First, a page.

What about the performers and others? According to Barker, Westport have agreements with the unions about payments for any artists with whom we already have signed contracts. In the case that we don’t yet have signed contracts we are making arrangements directly with artists and in conversation with Equity and others.
Unfortunately, most theater do not have insurance that might cover these losses. It’s unclear if “business cancellation” policies, as they called would even cover this event.
List of Theater Cancellations, Rescheduling
Connecticut Rep – hasn’t announced officially cancellations, but with the UCONN campus shut down and students gone, Mean in Boats (Wednesday, April 8 to Saturday, April 11) and Little Shop of Horrors (Thursday, April 30 to Sunday, May 3) are cancelled.
Goodspeed – South Pacific will not open on Friday, April 17 as originally planned. The theatre will decide shortly when it will be safe to begin rehearsals and open the show. Once the exact start date for South Pacific is determined the theater will contact all ticket holders with the option to exchange to a new performance, keep a credit on file, donate their tickets or get a refund. People will be to do it by email or by phone with our staff.
Hartford Stage –the final performances of Jane Eyre were cancelled as well as the up-coming production, The King’s Speech (to Sunday, April 19). No decision has been made about the final production of the season Ah! Wilderness (Thursday, May 7 to Sunday, May 31). You can contact the box office at 860-527-5151 or use an online form at hartfordstage.formstack.com/forms/cancellations.
Ivoryton Playhouse – Forbidden Broadway which was scheduled through Friday,April 5 has been rescheduled for Wednesday, May 27 to Sunday, June 14. The Great Gatsby (Wednesday, April 22 – Sunday,May 10) and Native Gardens (Wednesday May 27-Sunday, June 14) have been cancelled. Ivoryton hopes to include them in the 2021 season. Ticket holders and scribers are being contacted by the theater.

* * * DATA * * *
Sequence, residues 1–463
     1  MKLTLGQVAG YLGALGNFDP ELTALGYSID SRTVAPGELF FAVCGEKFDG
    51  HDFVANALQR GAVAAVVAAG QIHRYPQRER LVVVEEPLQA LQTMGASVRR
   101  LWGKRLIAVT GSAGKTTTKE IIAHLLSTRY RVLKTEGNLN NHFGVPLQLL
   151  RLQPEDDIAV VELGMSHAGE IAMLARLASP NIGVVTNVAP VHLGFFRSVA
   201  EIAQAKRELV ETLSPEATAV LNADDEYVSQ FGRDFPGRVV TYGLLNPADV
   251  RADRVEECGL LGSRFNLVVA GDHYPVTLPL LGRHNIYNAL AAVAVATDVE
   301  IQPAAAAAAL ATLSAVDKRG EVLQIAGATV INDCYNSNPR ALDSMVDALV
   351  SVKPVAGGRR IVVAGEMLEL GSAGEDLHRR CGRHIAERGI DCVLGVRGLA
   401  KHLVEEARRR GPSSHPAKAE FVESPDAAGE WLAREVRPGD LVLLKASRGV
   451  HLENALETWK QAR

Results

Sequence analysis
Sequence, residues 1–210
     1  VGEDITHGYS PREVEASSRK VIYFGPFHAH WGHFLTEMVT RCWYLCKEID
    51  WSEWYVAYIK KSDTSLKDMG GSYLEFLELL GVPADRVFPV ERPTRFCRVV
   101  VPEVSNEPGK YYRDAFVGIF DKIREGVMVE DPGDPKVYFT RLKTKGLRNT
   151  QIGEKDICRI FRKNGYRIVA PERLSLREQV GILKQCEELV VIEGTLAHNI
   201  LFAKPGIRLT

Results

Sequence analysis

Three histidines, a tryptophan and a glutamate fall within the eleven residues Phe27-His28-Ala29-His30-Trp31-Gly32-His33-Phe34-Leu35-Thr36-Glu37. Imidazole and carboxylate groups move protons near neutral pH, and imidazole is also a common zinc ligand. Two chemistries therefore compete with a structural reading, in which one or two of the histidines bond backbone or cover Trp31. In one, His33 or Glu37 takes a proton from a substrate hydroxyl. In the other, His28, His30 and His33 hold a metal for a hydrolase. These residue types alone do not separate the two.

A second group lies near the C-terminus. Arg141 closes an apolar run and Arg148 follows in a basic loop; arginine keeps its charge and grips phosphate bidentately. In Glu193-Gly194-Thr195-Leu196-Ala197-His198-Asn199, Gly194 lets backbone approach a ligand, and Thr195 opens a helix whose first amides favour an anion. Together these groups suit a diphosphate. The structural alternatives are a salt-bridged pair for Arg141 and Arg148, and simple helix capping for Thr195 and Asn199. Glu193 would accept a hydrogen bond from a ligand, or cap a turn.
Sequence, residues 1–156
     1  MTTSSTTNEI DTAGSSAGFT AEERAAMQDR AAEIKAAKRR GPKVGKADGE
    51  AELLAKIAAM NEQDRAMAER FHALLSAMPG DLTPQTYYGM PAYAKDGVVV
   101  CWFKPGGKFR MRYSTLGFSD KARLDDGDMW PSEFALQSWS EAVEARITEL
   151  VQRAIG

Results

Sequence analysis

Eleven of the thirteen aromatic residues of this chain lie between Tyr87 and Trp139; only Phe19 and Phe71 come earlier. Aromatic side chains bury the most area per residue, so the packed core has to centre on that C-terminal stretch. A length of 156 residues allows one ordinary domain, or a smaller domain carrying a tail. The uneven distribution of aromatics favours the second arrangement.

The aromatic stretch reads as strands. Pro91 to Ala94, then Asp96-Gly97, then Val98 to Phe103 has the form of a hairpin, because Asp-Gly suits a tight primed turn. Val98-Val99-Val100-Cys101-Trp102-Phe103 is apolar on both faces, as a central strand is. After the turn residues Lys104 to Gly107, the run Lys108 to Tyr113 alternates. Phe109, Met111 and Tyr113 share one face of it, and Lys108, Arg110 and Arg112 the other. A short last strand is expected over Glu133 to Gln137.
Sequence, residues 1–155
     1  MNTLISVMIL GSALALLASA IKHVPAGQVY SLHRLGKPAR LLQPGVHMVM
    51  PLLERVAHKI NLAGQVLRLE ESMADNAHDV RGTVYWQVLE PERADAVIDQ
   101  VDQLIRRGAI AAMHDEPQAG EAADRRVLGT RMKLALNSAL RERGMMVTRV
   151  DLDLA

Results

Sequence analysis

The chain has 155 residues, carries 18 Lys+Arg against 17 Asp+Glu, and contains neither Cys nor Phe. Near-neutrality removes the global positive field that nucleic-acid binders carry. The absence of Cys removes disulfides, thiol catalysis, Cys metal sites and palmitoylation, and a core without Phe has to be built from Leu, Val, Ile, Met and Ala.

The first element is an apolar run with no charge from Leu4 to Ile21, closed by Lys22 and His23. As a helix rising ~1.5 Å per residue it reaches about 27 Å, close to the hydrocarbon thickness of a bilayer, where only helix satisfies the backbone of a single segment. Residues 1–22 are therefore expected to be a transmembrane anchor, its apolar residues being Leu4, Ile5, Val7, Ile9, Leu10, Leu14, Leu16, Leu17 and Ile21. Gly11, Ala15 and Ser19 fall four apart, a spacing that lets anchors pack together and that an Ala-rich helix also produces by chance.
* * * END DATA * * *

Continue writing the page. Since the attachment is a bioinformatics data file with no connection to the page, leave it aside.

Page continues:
Long Wharf Theater – the production of The Chinese Lady (to Sunday, April 12) is cancelled. At the moment, the final production of the season, The Great Leap (Wednesday, May 6 to Sunday, May31) is still scheduled. For other information, contact longwharf.org or the box office
MTC (Music Theater of Connecticut) – Rescheduled The Buddy Holly Story to Friday, May 15 to Sunday, May 31). Subscribers and those that had purchased tickets will be given tickets for the corresponding performance during the new dates. Exchanges for a different date will be free.
Playhouse on Park – The West Hartford Theater cancelled Diaas, its dance production and Ugly Lies the Bone scheduled for Wednesday, April 22 to Sunday, May 10. Contact playhouseonpark.org.
Seven Angles Theatre – The Waterbury theater is still planning to produce The Wedding Singer scheduled from Thursday, April 23 to Sunday, May 17
TheaterWorks – It cut short the run of Every Brilliant Thing and The Cake which was scheduled for Sunday April 5 to Sunday May 10. TheaterWorks hopes to reschedule that show. The next show, currently The Who and the What doesn’t open until June 4. Ticket holders can contact the box office at 860-527-7838.
Westport Country Playhouse – An announcement about the open show (and subsequent shows) should have been announced by now. The opening show was Next to Normal, Tuesday, April 14 to Saturday, May 2. They are looking at the entire season. Ticket holders/subscribers can donate, exchange or request refund at westportplayhouse.org or the box office, 203-227-4177
Yale Rep – cancelled the remaining two shows of its season: A Raisin in the Son which was already in previews and the final show of the season, Testmatch. Box office personnel will be in phone contact with subscribers and ticket holders.
The Bushnell, Shubert, Waterbury Palace and other theaters that offer national tours productions will be cancelling or rescheduling.